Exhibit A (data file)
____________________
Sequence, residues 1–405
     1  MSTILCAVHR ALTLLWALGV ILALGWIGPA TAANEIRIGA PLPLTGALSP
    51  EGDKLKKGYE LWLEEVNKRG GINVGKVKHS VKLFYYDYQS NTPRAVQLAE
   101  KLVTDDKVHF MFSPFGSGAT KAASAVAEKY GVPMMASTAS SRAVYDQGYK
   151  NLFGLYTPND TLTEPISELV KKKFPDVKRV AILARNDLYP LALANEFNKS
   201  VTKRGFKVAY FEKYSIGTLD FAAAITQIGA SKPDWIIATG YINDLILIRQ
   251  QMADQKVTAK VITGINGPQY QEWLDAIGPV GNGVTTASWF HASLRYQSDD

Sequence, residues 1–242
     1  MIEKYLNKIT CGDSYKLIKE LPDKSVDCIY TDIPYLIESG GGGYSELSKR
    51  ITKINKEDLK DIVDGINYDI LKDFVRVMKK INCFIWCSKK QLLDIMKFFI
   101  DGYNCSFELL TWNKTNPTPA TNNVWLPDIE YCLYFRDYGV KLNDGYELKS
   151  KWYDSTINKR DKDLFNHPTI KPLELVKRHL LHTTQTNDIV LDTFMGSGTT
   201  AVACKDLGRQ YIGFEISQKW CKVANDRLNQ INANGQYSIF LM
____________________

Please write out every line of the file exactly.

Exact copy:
Sequence, residues 1–405
     1  MSTILCAVHR ALTLLWALGV ILALGWIGPA TAANEIRIGA PLPLTGALSP
    51  EGDKLKKGYE LWLEEVNKRG GINVGKVKHS VKLFYYDYQS NTPRAVQLAE
   101  KLVTDDKVHF MFSPFGSGAT KAASAVAEKY GVPMMASTAS SRAVYDQGYK
   151  NLFGLYTPND TLTEPISELV KKKFPDVKRV AILARNDLYP LALANEFNKS
   201  VTKRGFKVAY FEKYSIGTLD FAAAITQIGA SKPDWIIATG YINDLILIRQ
   251  QMADQKVTAK VITGINGPQY QEWLDAIGPV GNGVTTASWF HASLRYQSDD

Sequence, residues 1–242
     1  MIEKYLNKIT CGDSYKLIKE LPDKSVDCIY TDIPYLIESG GGGYSELSKR
    51  ITKINKEDLK DIVDGINYDI LKDFVRVMKK INCFIWCSKK QLLDIMKFFI
   101  DGYNCSFELL TWNKTNPTPA TNNVWLPDIE YCLYFRDYGV KLNDGYELKS
   151  KWYDSTINKR DKDLFNHPTI KPLELVKRHL LHTTQTNDIV LDTFMGSGTT
   201  AVACKDLGRQ YIGFEISQKW CKVANDRLNQ INANGQYSIF LM